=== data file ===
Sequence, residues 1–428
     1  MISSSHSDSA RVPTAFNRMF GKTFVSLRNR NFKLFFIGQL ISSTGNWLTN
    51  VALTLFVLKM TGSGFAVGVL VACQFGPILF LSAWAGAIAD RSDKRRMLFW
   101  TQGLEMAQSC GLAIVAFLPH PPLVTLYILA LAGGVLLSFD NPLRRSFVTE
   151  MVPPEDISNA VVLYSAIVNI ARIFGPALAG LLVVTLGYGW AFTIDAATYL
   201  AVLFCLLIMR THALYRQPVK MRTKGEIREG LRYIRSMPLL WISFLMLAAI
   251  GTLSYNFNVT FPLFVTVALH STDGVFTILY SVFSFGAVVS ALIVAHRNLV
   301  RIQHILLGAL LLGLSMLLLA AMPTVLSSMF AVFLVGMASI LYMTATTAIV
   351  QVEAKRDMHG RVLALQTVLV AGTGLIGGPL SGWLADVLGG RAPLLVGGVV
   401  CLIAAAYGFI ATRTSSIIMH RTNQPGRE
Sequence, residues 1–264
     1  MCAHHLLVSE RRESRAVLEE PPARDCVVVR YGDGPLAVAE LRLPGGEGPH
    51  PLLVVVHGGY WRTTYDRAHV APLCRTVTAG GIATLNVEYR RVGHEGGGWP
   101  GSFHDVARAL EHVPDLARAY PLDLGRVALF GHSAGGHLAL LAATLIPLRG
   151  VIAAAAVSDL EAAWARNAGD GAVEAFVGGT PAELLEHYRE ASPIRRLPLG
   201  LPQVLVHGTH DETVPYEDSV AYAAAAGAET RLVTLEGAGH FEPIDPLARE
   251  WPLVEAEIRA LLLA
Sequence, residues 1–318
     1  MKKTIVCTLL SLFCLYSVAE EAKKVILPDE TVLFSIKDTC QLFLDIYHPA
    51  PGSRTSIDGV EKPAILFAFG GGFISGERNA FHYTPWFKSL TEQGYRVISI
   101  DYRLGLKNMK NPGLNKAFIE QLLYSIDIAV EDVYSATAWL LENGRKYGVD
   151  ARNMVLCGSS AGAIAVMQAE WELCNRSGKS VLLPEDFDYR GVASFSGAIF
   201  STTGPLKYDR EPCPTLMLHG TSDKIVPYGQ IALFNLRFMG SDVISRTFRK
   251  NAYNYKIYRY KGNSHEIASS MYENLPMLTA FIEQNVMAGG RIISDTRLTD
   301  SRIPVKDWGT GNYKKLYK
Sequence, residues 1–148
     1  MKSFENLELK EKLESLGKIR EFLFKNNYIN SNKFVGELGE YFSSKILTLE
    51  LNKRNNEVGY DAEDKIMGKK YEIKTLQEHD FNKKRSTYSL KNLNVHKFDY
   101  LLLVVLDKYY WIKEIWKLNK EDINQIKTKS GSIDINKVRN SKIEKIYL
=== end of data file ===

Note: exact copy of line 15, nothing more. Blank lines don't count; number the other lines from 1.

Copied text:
   151  VIAAAAVSDL EAAWARNAGD GAVEAFVGGT PAELLEHYRE ASPIRRLPLG